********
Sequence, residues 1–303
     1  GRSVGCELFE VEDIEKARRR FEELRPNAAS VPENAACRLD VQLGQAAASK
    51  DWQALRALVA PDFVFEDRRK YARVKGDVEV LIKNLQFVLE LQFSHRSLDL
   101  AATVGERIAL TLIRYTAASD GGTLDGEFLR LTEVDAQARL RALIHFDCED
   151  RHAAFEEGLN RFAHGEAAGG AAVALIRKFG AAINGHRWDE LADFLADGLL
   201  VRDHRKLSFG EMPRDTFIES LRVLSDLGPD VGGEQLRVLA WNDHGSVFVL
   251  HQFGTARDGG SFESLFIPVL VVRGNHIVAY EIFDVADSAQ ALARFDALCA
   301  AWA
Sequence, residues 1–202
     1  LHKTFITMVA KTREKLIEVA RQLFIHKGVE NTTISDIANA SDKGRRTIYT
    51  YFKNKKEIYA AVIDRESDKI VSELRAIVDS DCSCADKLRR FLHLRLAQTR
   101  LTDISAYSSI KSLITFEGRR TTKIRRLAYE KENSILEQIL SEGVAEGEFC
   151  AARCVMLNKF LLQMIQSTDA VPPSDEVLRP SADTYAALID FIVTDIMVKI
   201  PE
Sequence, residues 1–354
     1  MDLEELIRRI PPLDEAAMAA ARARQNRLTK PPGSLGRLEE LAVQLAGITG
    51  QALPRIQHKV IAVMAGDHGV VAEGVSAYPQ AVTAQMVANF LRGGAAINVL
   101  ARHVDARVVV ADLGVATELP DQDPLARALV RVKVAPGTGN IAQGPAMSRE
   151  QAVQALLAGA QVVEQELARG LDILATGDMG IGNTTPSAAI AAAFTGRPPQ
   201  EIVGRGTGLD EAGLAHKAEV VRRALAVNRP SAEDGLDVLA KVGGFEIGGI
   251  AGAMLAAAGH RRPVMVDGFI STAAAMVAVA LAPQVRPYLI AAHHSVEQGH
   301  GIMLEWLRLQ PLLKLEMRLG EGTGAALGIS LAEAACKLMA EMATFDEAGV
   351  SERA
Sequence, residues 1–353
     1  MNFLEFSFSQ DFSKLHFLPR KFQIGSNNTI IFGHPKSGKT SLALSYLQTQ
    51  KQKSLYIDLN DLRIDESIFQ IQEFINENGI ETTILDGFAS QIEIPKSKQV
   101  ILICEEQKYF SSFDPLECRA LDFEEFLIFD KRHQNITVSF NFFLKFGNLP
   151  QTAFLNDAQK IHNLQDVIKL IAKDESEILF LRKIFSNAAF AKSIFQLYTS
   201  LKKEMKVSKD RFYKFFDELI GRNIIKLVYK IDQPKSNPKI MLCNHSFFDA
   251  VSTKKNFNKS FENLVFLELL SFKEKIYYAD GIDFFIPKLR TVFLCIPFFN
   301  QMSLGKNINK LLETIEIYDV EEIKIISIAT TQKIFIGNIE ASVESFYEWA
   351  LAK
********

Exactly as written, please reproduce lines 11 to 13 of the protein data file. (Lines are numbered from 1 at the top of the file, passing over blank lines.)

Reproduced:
    51  YFKNKKEIYA AVIDRESDKI VSELRAIVDS DCSCADKLRR FLHLRLAQTR
   101  LTDISAYSSI KSLITFEGRR TTKIRRLAYE KENSILEQIL SEGVAEGEFC
   151  AARCVMLNKF LLQMIQSTDA VPPSDEVLRP SADTYAALID FIVTDIMVKI